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Using the Edge Impulse Python SDK with Hugging Face

🤗 Hugging Face offers a suite of tools that assist with various AI applications. Most notably, they provide a hub for people to share their pre-trained models. In this tutorial, we will demonstrate how to download a simple ResNet model from the Hugging Face hub, profile it, and convert it to a C++ library for use in your edge application. This particular model was trained to identify species of bean plants using the bean dataset.
To learn more about using the Python SDK, please see: Edge Impulse Python SDK Overview
# If you have not done so already, install the following dependencies
!python -m pip install huggingface_hub edgeimpulse
import json
from huggingface_hub import hf_hub_download
import edgeimpulse as ei
You will need to obtain an API key from an Edge Impulse project. Log into edgeimpulse.com and create a new project. Open the project, navigate to Dashboard and click on the Keys tab to view your API keys. Double-click on the API key to highlight it, right-click, and select Copy.
Copy API key from Edge Impulse project
Note that you do not actually need to use the project in the Edge Impulse Studio. We just need the API Key.
Paste that API key string in the ei.API_KEY value in the following cell:
# Edge Impulse Settings
ei.API_KEY = "ei_dae2..."
target_device = 'cortex-m4f-80mhz'
deploy_filename = "my_model_cpp.zip"
To download a model from the Hugging Face hub, we need to first find a model. Head to huggingface.co/models. On the left side, click Image Classification to filter under the Tasks tab and under the Libraries tab, filter by ONNX (as the Edge Impulse Python SDK easily accepts ONNX models). You should see the resnet-tiny-beans model trained by user fxmarty.
Filter models on Hugging Face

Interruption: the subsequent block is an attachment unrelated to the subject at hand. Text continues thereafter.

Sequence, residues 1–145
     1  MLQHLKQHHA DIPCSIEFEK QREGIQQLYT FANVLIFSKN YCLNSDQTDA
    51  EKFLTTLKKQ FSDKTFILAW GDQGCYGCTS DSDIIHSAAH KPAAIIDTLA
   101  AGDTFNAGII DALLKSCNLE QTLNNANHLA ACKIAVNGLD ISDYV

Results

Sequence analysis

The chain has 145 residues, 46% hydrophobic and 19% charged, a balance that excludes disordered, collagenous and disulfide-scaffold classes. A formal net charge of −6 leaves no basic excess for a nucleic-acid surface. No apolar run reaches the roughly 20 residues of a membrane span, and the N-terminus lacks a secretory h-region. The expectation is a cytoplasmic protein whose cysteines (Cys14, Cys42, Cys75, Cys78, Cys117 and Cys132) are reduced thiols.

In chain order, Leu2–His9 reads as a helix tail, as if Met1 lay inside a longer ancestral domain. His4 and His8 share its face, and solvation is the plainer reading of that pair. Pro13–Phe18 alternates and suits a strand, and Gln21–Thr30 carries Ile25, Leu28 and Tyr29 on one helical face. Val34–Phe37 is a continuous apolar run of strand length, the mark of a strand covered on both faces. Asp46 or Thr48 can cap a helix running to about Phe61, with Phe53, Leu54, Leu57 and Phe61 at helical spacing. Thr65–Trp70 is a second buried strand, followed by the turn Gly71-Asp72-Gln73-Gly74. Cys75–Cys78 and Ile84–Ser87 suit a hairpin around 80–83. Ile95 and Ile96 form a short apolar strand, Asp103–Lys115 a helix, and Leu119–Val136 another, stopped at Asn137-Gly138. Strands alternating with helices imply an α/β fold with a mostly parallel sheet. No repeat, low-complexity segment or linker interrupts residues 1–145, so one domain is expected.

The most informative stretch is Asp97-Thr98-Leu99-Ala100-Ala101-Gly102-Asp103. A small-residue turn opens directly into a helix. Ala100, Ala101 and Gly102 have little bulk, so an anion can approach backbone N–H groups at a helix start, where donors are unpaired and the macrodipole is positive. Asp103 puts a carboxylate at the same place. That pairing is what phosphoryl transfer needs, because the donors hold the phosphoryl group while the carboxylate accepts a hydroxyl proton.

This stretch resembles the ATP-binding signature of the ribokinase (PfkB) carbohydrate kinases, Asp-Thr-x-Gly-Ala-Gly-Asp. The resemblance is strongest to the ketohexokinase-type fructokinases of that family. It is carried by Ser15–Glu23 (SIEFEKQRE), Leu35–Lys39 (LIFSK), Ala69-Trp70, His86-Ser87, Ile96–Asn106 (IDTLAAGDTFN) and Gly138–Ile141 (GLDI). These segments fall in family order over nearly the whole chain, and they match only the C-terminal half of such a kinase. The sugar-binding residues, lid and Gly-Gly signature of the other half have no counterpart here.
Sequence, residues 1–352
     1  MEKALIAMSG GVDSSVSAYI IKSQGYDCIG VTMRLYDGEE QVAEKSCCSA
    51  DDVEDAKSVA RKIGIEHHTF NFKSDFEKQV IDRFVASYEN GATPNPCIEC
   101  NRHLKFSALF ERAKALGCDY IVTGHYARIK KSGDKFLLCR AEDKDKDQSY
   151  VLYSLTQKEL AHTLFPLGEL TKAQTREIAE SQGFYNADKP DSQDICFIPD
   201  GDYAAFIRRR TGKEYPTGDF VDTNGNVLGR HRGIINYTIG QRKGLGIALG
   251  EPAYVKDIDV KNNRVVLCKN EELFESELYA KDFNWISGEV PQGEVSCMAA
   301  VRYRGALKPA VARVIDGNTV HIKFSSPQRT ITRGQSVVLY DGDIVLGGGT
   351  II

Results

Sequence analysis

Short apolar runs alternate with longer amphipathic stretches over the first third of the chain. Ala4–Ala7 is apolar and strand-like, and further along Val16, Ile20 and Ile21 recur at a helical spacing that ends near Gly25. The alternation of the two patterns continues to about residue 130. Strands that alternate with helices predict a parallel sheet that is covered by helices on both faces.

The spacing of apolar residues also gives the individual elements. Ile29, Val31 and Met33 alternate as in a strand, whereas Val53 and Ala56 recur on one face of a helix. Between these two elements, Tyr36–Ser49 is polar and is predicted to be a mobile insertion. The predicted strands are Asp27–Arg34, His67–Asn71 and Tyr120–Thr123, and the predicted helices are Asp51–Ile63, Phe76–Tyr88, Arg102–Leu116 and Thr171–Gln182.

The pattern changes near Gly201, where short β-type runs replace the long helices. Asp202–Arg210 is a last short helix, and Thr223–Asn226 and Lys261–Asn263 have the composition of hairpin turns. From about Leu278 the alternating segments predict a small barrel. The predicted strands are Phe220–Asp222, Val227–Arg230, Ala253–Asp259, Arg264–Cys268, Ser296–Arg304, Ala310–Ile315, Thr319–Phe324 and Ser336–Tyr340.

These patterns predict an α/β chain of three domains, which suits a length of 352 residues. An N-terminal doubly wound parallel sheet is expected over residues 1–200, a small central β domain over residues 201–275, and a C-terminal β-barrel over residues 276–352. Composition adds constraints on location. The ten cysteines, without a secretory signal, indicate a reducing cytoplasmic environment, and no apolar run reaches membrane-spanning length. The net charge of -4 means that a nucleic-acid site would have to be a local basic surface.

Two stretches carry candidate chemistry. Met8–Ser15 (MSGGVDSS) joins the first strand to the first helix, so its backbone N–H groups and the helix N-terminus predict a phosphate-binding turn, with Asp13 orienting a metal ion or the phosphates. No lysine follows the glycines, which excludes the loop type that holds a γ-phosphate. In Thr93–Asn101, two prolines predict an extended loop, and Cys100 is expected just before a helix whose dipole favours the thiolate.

Click on the resnet-tiny-beans entry (or follow this link) to read about the model and view the files. If you click on the Files* tab, you can see all of the files available in this particular model.
View files in Hugging Face model
Set the name of the repo (username/repo-name) and the file we want to download.
# Define file location for our model
repo_name = "fxmarty/resnet-tiny-beans"
download_dir = "./"
model_filename = "model.onnx"
# Download pre-trained model
hf_hub_download(repo_id=repo_name,
filename=model_filename,
local_dir=download_dir)

Profile your model

To start, we need to list the possible target devices we can use for profiling. We need to pick from this list.
# List the available profile target devices
ei.model.list_profile_devices()
You should see a list printed such as:
['alif-he',
'alif-hp',
'arduino-nano-33-ble',
'arduino-nicla-vision',
'portenta-h7',
'brainchip-akd1000',
'cortex-m4f-80mhz',
'cortex-m7-216mhz',
...
'ti-tda4vm']
A common option is the cortex-m4f-80mhz, as this is a relatively low-power microcontroller family. From there, we can use the Edge Impulse Python SDK to generate a profile for your model to ensure it fits on your target hardware and meets your timing requirements.
# Estimate the RAM, ROM, and inference time for our model on the target hardware family
try:
profile = ei.model.profile(model=model_filename,
device='cortex-m4f-80mhz')
print(profile.summary())
except Exception as e:
print(f"Could not profile: {e}")

Deploy your model

Once you are happy with the performance of the model, you can deploy it to a number of possible hardware targets. To see the available hardware targets, run the following:
# List the available profile target devices
ei.model.list_deployment_targets()
You should see a list printed such as:
['zip',
'arduino',
'tinkergen',
'cubemx',
'wasm',
...
'runner-linux-aarch64-tda4vm']
The most generic target is to download a .zip file containing a C++ library containing the inference runtime and your trained model, so we choose 'zip' from the above list. We also need to tell Edge Impulse how we are planning to use the model. In this case, we want to perform classification, so we set the output type to Classification.
Note that instead of writing the raw bytes to a file, you can also specify an output_directory argument in the .deploy() function. Your deployment file(s) will be downloaded to that directory.
# Create C++ library with trained model
deploy_bytes = None
try:
deploy_bytes = ei.model.deploy(model=model_filename,
model_output_type=ei.model.output_type.Classification(),
deploy_target='zip')
except Exception as e:
print(f"Could not deploy: {e}")
# Write the downloaded raw bytes to a file
if deploy_bytes:
with open(deploy_filename, 'wb') as f:
f.write(deploy_bytes)
Your model C++ library should be downloaded as the file my_model_cpp.zip in the same directory as this notebook. You are now ready to use your C++ model in your embedded and edge device application! To use the C++ model for local inference, see our documentation here.